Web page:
How to Pick a Distribution
This is a potential deal-breaker that can narrow your distribution choices fast. If you will need to run a proprietary program on your system, check the vendor's list of supported distributions. If the vendor only supports the program on one or a few distributions, stick with one of those even if you think you can get the program to run on another. If you run into a problem and have to go to the vendor for support, you want to be able to rule out the Linux distribution as the problem's source and go straight to the real issue.
Where will you be getting support for your operating system? From the distribution vendor, from a consultant or from your local user group? If you'll be using a consultant, ask that person which distribution you should use. He or she will be much more helpful to you if he or she is on familiar territory. If you're going to a user group for support, identify the most helpful posters on the mailing list, and pick a distribution they know and use.
If you can, put this item last. You'll be happier picking out hardware you know works well with your distribution of choice rather than trying to make Linux work on random hardware. If you already have the hardware, and won't be buying more, check the hardware compatibility lists of the distributions you're considering. If you don't know what's inside your case, use the world's best hardware detection utility: a Philips screwdriver.
You should probably be down to a short list of distributions by now. Browse their web sites for security updates. Is it easy to tell what updates you will need to install in order to make your installation from CD-ROM current and secure? Also, look at the security mailing list. Does the distribution provide timely security advisories and updates?
Some distributions can do automatic software upgrades over the Net. This can be a great time saver and a relatively painless way to stay current on security updates. If the idea of upgrading with one command or a few clicks sounds good to you, check to see if a potential distribution offers this feature.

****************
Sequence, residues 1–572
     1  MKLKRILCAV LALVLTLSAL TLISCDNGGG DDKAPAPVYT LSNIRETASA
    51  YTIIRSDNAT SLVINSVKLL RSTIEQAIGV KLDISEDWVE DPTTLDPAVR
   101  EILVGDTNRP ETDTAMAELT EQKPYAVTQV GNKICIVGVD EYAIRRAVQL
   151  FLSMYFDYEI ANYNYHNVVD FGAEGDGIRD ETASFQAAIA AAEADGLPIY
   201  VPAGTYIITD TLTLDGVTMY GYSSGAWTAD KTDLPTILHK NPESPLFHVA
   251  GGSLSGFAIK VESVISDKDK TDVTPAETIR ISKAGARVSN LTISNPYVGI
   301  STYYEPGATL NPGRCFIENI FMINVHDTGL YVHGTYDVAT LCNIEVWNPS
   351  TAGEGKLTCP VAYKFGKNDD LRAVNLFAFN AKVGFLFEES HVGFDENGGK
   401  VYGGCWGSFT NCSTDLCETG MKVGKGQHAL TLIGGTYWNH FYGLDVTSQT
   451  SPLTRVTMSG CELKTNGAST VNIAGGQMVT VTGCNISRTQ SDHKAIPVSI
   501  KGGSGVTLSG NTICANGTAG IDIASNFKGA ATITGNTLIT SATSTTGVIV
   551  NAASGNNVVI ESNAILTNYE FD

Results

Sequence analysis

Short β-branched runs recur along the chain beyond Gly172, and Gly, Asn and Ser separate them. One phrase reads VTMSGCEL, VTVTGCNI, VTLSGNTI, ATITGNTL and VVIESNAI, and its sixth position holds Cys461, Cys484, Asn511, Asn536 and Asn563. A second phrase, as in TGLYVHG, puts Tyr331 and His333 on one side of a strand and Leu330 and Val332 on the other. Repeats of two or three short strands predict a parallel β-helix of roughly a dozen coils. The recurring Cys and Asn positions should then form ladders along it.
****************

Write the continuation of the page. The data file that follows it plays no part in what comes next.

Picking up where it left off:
Nobody only installs once. As a hobbyist getting started, you might install a couple of times and then blow your system away, either by mistake or because you decide you don't like something. In a business, you'll need to be able to install quickly, either to recover from a crashed disk or to deploy a new system.
Browse different distributions' install instructions on-line. Look for an install that will save time in the long run, not just one that offers a pretty GUI. You'll want to look for the ability to make all the decisions up front, then let everything install unattended. Better yet, look for the ability to make a floppy that includes all your preferred options, so you can boot from the floppy and walk away while the install does itself.
Now that you've chosen a distribution, this is the best time to look for hardware. You will have the luxury of a supported hardware list, plus hardware picks from your source of support--either user group mailing list archives or a consultant's recommendations. Keep your list with you when you shop, and don't forget to check ``Linux'' on your warranty registration card.
Don Marti is the Technical Editor for Linux Journal.
|Red Hat Enterprise Linux 7.1 beta available on IBM Power Platform||Jan 23, 2015|
|Designing with Linux||Jan 22, 2015|
|Wondershaper—QOS in a Pinch||Jan 21, 2015|
|Ideal Backups with zbackup||Jan 19, 2015|
|Non-Linux FOSS: Animation Made Easy||Jan 14, 2015|
|Internet of Things Blows Away CES, and it May Be Hunting for YOU Next||Jan 12, 2015|
- Red Hat Enterprise Linux 7.1 beta available on IBM Power Platform
- Designing with Linux
- Wondershaper—QOS in a Pinch
- Ideal Backups with zbackup
- Internet of Things Blows Away CES, and it May Be Hunting for YOU Next
- Video Production 101: Making a Movie with Kdenlive
- Getting Started with PiTiVi
- Slow System? iotop Is Your Friend
- New Products
- Non-Linux FOSS: Animation Made Easy
Editorial Advisory Panel
Thank you to our 2014 Editorial Advisors!
- Jeff Parent
- Brad Baillio
- Nick Baronian
- Steve Case
- Chadalavada Kalyana
- Caleb Cullen
- Keir Davis
- Michael Eager
- Nick Faltys
- Dennis Frey
- Philip Jacob
- Jay Kruizenga
- Steve Marquez
- Dave McAllister
- Craig Oda
- Mike Roberts
- Chris Stark
- Patrick Swartz
- David Lynch
- Alicia Gibb
- Thomas Quinlan
- Carson McDonald
- Kristen Shoemaker
- Charnell Luchich
- James Walker
- Victor Gregorio
- Hari Boukis
- Brian Conner
- David Lane